So often I take this amazing life of travel and living abroad for granted. When someone tells me I’m “living the dream” I’m quick to point out that I’m also barely paying my rent since I sometimes feel like the “nomadic life” is glorified and the day to day challenges are often not recognised.
But the fact is, I do have an incredible life. And all of us who won the “uterus lottery” and were born in countries where we were automatically offered safety, healthcare and an education can say the same.
We only have to look at Syria and the terrible plight of the refugees pouring into Europe to feel gratitude.
While I love pretty much all of the American holidays (especially Halloween), Thanksgiving is special. While the days that come after the holiday are now completely commercialised, the day itself is purely about being thankful and spending time with friends and family.
Last time I celebrated Thanksgiving it was in the United States when I was an Au Pair, and I had a great time with host family (I still rave about my host mum’s pecan pie today). This year we had thanksgiving at my friend Jessie and Izy’s house here in Antigua with friends from around the world, and we all bought a dish or two. My roommate is an amazing cook and she did something delicious with green beans and brown butter while I cut the veges for the salad (basically the only thing I can be trusted to do with my culinary skills).
Later that night, while I lay in fetal position from eating too much turkey and cheesecake (I have no off button when it comes to good food), I thought about all the things I’m thankful for.
When I first left New Zealand, I was certain that it was “the worst”. 21-year-old Stacey hated how small it was, how far it was from other countries, the weather, how expensive it was, and how it was “boring”. With the benefit of hindsight, and after traveling and living in so many places, I would now like to go back and give myself a good shake.
Sure, I may not want to live there, but having the luck to be born in New Zealand and then travel the world has given me a lot to be thankful for. Here are just a few:
- If I choose to have children, I’ll never have to put them on a boat and hope we make it to our new destination, while wondering what our welcome will be like if we do.
- If I choose to go back to school, I’ll be able to get a first-class education with an interest-free student loan, something many women in the world can only dream of.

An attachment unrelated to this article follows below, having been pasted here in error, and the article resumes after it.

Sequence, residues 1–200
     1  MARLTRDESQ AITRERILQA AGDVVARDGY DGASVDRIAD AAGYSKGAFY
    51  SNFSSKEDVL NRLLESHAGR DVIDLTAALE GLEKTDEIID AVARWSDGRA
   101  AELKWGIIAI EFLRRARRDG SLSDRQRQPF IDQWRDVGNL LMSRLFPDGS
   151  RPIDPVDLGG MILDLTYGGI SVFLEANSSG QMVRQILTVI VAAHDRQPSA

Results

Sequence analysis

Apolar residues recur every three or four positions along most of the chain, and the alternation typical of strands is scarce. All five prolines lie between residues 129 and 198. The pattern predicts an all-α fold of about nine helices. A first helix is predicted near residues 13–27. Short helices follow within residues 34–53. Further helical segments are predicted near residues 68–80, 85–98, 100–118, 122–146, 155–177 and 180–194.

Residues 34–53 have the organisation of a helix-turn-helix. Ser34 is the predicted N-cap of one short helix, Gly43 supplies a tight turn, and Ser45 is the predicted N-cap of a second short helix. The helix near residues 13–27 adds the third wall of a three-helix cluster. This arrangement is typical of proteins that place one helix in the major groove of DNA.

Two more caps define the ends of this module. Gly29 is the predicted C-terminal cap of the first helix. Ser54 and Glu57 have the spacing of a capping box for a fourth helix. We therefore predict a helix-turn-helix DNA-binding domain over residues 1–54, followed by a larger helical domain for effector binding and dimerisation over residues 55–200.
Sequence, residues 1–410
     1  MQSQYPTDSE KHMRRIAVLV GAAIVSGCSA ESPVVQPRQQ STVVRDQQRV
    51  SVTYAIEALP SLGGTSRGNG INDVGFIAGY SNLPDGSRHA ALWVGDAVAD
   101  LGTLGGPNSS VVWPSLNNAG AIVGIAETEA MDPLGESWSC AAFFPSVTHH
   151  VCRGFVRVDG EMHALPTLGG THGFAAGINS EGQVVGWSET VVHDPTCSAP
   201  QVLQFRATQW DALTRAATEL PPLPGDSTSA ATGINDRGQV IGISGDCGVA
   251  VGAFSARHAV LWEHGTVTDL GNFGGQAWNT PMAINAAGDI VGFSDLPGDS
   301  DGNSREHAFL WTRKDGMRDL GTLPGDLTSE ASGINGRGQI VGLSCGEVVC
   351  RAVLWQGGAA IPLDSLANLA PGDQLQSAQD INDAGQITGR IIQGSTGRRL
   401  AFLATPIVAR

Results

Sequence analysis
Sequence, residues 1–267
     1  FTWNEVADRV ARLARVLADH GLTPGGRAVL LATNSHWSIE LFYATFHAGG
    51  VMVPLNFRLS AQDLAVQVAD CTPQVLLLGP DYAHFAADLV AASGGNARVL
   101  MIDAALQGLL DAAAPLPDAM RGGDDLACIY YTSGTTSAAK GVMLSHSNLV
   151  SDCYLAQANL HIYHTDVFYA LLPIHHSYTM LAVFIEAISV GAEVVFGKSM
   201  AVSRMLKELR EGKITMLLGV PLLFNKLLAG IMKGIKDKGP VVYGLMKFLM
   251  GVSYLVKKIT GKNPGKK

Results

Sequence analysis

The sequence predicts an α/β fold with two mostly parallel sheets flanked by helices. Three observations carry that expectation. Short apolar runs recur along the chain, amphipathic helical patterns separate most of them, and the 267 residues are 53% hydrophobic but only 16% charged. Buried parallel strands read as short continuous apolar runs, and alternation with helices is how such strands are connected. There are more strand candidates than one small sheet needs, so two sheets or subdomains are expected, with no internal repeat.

- Since I was a teenager I’ve had ready access to birth control and education about STD’s sexual health, pregnancy and fertility.
- I grew up in a country which was the first to give the women the vote. No one expected me to live at home until I was married and then spend my life in the kitchen. I never had any doubt that I could do anything I liked with my life.
- We never had to stay inside because the air was so polluted that we would get sick from being exposed to it.
- My brother will never face persecution or death because of his sexuality and can legally get married and adopt children.
- No one ever told me what I could or could not wear.
- I didn’t grow up with the knowledge that I would only ever be able to have one child.
These may seem like random things to be thankful for, but many of them are the results of my travels. China taught me to be thankful for the clean air, healthy food and uncontaminated water, and free speech in New Zealand. Guatemala has encouraged me to be grateful that I come from a country with top-notch education and healthcare for women, and my American friends made me appreciate our comparatively low costs for higher education.
What are you thankful for? If you’re wondering how you can help those less fortunate, consider doing some volunteer work (look for a reputable organisation like New Futures Organisation), donating to a worthy course, or simply getting educated so you can dispel myths and have informed conversations about the situation in the Middle East. I personally love using Kiva which is microfinance and a great way to help alleviate poverty and empower people from around the world.